Natasha’s Law: Food allergy information must be displayed from today under new rules
Food businesses will be subject to a new labelling law from today, the move will improve the quality of life for around 2 million people living with food allergies in the UK.
The law is known as Natasha’s Law, following the death of teenage girl Natasha Ednan-Laperouse, who died after eating a sandwich on a flight.
The sandwich – bought from Pret a Manger – was not required to have ingredients labelling at the time.
The changes require food businesses to include full ingredients labelling on pre-packed for direct sale foods, with the 14 major allergens emphasised in the list.
They are being introduced following the tragic death of Natasha Ednan-Laperouse, who died after eating a pre-packaged baguette which at the time did not require ingredients labelling.
This new allergen labelling law will allow millions of people living with food allergies, intolerances and coeliac disease to make safer choices about the food they buy.
The reforms cover labelling requirements for foods that are prepared and packed on the same premises from which they are sold – such as a packaged sandwich or salad made by staff earlier in the day and placed on a shelf for purchase.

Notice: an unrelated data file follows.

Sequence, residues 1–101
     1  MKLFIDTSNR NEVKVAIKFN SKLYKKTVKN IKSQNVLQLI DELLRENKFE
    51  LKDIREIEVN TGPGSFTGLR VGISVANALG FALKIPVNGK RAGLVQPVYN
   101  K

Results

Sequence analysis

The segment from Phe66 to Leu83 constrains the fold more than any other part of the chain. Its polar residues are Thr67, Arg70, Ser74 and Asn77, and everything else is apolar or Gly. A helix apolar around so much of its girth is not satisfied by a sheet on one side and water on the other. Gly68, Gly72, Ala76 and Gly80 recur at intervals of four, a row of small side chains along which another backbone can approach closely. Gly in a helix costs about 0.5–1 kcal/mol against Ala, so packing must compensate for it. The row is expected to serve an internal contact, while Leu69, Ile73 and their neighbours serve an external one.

Natasha’s parents, Nadim and Tanya Ednan-Laperouse, said:
“The introduction of Natasha’s Law is a bittersweet moment for us.”
“We are delighted that people with food allergies will now have great protection through improved labelling and we know in our hearts that Natasha would be very proud of a new law in her name.”
“However, the new law also reminds us that Natasha’s death was completely avoidable.”
“Natasha’s Law is about saving lives and marks a major milestone in our campaign to support people in this country with food allergies.”
“This change in the law will give people with food allergies confidence when they are buying pre-packaged food for direct sale such as sandwiches and salads. Everyone should be able to consume food safely.”
Food Standards Agency Chief Executive Emily Miles said:
“This is a huge step in helping improve the quality of life for around 2 million people living with food allergies in this country.”
“If these changes drive down the number of hospital admissions caused by food allergies, which has increased threefold over the past 20 years, and prevent further tragic deaths such as Natasha’s, that can only be a positive thing.”
“I understand how difficult the past 18 months have been for food businesses, and I am grateful for the effort that so many have made to prepare for the changes.” Spotted something? Got a story? Send a Facebook Message | A direct message on Twitter | Email: News@Deeside.com